Hey Everyone! Shabbat Shalom! -“Peaceful Sabath.” Today is Shabbat, the Jewish sabbath which technically starts from sundown on Friday, and goes until sundown on Saturday. This day is a time of rest and fellowship. We have a special dinner each Friday night to celebrate. Yesterday was the first! Before dinner we played Ultimate Frisbee in hell!! Ahh just kidding- it was in the Gehena Valley (compared to hell in the New Testament). After, we dressed up and celebrated the special occasion.
On Thursday night I was given the opportunity to help out at a youth group in Bethlehem. It was amazing! The city is fifteen minutes from campus and in Palestinian territory called the West Bank. A couple of us took an Arab bus to the gate of Bethlehem. The city is completely surrounded by a wall to separate the Israeli and Palestinian territories. This holy city of Jesus' birth did not look anything like I pictured, or the fancy pictures you see in church. It took at least five minutes to walk through the security gate. And once inside, I felt was anxious, especially since it was in the evening hours. I will put up pictures of Bethlehem soon.
Once we got to this cute little hole in the wall cafe, which hosts the youth group, I was so pumped. The students are from a Christian school in Beit Jala. About fifty students were there. Here's the deal- I talked to one of the leaders the night before and she asked if I knew any crazy, silly games to open the night. And me- with my Camp Orchard Hill, camp counselor experience- was like "Of course I know some games!" I told her the classic Oreo on the face game (you break an Oreo cookie in half, lick the cream, stick it on your forehead and then use your face muscles to bring it down to your mouth).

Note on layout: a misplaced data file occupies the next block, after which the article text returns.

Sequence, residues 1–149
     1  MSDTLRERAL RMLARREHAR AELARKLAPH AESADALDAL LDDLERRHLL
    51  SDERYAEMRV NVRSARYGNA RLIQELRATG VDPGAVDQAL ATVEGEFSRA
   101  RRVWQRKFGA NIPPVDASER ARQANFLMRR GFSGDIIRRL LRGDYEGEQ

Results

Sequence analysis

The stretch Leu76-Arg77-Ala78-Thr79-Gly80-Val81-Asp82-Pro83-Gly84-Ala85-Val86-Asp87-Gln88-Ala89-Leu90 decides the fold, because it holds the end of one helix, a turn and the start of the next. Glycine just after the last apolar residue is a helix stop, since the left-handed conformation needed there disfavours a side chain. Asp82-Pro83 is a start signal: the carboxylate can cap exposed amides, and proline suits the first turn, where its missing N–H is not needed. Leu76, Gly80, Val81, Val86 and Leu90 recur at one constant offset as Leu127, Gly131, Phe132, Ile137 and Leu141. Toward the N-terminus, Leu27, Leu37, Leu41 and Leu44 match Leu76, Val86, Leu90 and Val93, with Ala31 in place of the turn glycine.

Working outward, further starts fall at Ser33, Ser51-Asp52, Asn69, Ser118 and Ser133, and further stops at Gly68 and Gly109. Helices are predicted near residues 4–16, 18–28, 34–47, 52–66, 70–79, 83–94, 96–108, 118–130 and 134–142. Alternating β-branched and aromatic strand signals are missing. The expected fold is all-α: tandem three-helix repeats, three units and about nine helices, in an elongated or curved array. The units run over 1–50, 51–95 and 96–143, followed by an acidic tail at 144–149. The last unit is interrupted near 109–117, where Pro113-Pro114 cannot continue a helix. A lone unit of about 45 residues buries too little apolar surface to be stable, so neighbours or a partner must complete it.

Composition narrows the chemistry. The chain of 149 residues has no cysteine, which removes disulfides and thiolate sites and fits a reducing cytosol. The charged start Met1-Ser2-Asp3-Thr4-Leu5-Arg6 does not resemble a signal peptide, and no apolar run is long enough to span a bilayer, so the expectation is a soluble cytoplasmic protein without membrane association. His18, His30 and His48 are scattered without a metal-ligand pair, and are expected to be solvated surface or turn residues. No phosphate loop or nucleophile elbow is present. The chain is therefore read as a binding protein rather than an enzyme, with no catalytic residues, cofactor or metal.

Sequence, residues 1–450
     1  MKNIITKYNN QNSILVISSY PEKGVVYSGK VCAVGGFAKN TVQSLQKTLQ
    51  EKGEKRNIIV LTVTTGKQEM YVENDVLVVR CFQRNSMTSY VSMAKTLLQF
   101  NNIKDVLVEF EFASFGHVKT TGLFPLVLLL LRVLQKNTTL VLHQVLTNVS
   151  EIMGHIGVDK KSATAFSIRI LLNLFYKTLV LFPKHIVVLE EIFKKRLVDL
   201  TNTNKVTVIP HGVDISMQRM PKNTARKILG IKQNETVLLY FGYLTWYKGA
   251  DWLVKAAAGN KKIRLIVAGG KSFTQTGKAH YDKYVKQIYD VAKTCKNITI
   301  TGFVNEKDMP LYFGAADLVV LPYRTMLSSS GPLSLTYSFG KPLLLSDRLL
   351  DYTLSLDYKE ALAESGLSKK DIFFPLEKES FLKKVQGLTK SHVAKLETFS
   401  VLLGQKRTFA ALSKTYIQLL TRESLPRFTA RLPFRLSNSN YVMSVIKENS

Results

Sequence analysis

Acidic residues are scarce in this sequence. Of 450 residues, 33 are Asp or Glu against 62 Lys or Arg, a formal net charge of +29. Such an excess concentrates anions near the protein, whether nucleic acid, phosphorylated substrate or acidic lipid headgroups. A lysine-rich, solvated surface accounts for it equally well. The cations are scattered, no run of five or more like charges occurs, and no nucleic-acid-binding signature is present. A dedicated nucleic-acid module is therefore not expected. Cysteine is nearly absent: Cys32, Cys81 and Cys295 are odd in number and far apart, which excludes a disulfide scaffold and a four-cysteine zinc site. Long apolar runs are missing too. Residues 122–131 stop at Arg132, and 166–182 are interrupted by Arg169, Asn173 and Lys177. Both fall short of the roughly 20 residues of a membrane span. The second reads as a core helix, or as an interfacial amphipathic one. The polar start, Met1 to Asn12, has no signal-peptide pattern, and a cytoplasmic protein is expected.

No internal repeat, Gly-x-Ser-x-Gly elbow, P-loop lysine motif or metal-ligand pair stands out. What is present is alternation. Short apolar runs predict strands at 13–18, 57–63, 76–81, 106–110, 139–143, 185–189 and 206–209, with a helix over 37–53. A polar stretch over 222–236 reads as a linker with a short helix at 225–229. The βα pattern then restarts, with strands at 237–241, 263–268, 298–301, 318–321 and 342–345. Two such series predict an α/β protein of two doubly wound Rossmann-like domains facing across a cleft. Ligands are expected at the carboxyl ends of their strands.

When I got there she asked me if I wanted to lead it! I was so excited, but also a bit nervous! Turned out to be absolutely hilarious! I will try to get some of the pictures! After the four students couldn't successfully eat the oreo's, she asked me if it was possible. THEN, I demonstrated it! Overall, I think it went very well! First time I have ever lead something like that! And, I think it was a good way for students to get to know me! The rest of the night was awesome- worship, then a message (like a typical American yg). I loved hanging with the students and cannot wait to start helping out each week. I got to talk to some of them and they are like the best teenagers ever! I'm really glad I will be working with teenagers here. I feel so alive when I am investing in the lives around me.
Today a few of us walked the Ramparts walk. This walk goes along the large wall around the Old City of Jerusalem.
After, we stopped by Shaban's shop!! He is THE coolest shop owner in the entire Old City. The college knows him well. Whenever we come, he gets us something to drink and sometimes gives us yummy pita bread with hummus (way way better than sodexo hummus!) And, best of all he is very honest about pricing, which is virtually unheard of here. Most places charge very high with the intention of haggling down to a more reasonable price.A few hours ago I bought a Byzantine (330-1453 A.D.) coin from Shaban. I bought it to remember the concept of time I have come to understand thus far. I have found it challenging to understand time in America- our government history is indeed only several hundred years. But in Jerusalem, history dates back to B.C. I'm learning about and seeing real, ancient history. And it makes me think about my time. What, at most 100 years? I want to rewind and even pause. But, God blesses time and calls it holy (Genesis 2:3). And, he is the author of it. In this, I find immense comfort. In the end, I don't control time. But, it is still difficult. I have certainly thought about history before, and how the world has been around for at least thousands of years. It is unnerving to think about, but necessary. I think we are able to grasp a better understanding of this world and ourselves. What do I have but a breath? And what should I do in this time that will actually mean something?